Report claims one in ten landlords seek switch to short-term lets
UK: British landlords say that nearly 500,000 private lets may become short-term rentals by the end of the year.
A report by letting agent trade body ARLA Propertymark says that these residences may be removed from market because of regulations against buy-to-let properties.
According to the report, one in ten landlords are likely to consider a switch to short-term lets. The numbers are even higher for those with more than five properties in their portfolio.
This may burden the already stretched housing supply of the UK. Up to 230,000 properties may be removed from the market if those who marked “very likely”, change their properties’ status.
The UK market for short-term lets has exploded recently. London has seen a 400 per-cent growth in listings, according to the report, and Edinburgh triple its own listings.
ARLA CEO David Cox said of the data: “The growth in short-term lets is particularly concerning for the traditional private rented sector. As landlords are continuously faced with increased levels of legislation, it’s no surprise they are considering short-term lets as a chance to escape this.”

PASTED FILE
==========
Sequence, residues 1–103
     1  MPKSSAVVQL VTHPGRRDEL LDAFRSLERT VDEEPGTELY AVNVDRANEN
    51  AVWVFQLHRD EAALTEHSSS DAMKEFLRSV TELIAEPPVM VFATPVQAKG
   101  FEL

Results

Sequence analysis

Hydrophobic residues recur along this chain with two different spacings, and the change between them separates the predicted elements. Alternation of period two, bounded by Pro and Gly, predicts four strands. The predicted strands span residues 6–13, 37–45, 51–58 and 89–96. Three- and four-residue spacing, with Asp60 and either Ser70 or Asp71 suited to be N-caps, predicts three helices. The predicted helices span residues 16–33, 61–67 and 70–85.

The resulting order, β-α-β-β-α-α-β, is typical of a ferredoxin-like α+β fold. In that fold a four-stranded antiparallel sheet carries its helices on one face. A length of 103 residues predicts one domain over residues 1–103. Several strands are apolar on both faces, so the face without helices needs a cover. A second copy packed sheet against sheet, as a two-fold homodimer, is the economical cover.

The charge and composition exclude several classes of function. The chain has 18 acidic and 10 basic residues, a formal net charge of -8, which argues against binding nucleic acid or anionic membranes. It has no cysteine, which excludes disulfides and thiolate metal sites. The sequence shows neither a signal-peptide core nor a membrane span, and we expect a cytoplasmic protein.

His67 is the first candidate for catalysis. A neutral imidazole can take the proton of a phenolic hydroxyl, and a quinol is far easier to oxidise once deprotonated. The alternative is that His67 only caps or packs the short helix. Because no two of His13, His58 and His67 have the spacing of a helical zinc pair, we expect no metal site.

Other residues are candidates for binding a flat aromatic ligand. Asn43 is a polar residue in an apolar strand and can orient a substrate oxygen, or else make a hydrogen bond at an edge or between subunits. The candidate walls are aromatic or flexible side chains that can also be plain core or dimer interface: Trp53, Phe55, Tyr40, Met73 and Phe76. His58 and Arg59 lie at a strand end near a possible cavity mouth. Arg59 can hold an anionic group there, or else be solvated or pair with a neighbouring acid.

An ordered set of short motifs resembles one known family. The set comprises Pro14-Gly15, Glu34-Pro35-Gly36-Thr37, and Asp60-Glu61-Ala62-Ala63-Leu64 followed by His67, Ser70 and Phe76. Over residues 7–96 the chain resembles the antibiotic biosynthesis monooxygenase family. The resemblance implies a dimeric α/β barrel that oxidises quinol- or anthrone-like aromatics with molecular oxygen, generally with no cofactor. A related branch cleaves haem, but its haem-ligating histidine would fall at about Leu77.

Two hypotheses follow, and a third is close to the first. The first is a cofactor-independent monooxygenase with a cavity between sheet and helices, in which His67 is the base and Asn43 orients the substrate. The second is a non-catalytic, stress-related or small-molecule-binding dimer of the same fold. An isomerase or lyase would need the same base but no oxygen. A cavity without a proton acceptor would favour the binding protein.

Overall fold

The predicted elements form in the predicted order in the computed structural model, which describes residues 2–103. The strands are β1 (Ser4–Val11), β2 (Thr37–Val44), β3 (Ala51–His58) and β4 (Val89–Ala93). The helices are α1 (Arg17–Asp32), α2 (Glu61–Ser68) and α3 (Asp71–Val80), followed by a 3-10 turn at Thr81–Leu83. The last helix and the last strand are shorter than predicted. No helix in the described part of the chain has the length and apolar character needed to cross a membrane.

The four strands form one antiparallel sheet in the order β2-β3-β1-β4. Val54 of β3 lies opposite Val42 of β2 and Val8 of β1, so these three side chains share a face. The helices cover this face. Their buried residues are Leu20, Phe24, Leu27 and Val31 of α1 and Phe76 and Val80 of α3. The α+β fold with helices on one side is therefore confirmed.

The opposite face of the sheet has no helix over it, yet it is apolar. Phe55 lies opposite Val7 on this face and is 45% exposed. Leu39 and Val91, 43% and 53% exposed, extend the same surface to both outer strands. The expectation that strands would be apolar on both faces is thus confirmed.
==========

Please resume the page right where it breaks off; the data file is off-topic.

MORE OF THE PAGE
Landlords place much of the blame on the Tenant Fees Act, which restricts what landlords can charge tenants, as well as tax overhauls for reducing profitability. Another law is similarly on the books, requiring more electrical safety checks on buy-to-let and HMO properties.
With these in mind, landlords see short-term lets as an alternative. With potential profits and more flexibility, they may make extremely strong investments for buy to let property owners.
Cox echoed this sentiment: “Unless the sector is made more attractive, landlords will continue to exit the market resulting in less available properties and increased rent costs.”
The short-term rental market, however, is becoming a major target for additional legislation. Scotland has recently announced intentions to change its rental laws, and London Councils have requested similar measures be enacted in the capital.